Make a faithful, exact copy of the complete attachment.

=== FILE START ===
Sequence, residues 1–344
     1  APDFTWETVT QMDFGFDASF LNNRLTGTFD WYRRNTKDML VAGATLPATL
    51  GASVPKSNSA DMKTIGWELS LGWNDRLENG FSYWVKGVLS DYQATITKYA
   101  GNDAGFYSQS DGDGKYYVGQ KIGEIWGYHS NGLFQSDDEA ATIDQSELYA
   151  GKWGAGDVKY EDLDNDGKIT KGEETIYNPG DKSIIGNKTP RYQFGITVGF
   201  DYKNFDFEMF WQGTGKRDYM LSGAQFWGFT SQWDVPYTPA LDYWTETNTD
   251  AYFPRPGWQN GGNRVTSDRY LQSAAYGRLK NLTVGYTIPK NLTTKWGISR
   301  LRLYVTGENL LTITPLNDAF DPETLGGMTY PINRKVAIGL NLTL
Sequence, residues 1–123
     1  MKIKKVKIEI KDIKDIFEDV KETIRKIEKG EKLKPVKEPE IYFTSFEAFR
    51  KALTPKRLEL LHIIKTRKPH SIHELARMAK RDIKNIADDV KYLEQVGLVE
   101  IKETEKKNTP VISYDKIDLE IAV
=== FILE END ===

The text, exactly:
Sequence, residues 1–344
     1  APDFTWETVT QMDFGFDASF LNNRLTGTFD WYRRNTKDML VAGATLPATL
    51  GASVPKSNSA DMKTIGWELS LGWNDRLENG FSYWVKGVLS DYQATITKYA
   101  GNDAGFYSQS DGDGKYYVGQ KIGEIWGYHS NGLFQSDDEA ATIDQSELYA
   151  GKWGAGDVKY EDLDNDGKIT KGEETIYNPG DKSIIGNKTP RYQFGITVGF
   201  DYKNFDFEMF WQGTGKRDYM LSGAQFWGFT SQWDVPYTPA LDYWTETNTD
   251  AYFPRPGWQN GGNRVTSDRY LQSAAYGRLK NLTVGYTIPK NLTTKWGISR
   301  LRLYVTGENL LTITPLNDAF DPETLGGMTY PINRKVAIGL NLTL
Sequence, residues 1–123
     1  MKIKKVKIEI KDIKDIFEDV KETIRKIEKG EKLKPVKEPE IYFTSFEAFR
    51  KALTPKRLEL LHIIKTRKPH SIHELARMAK RDIKNIADDV KYLEQVGLVE
   101  IKETEKKNTP VISYDKIDLE IAV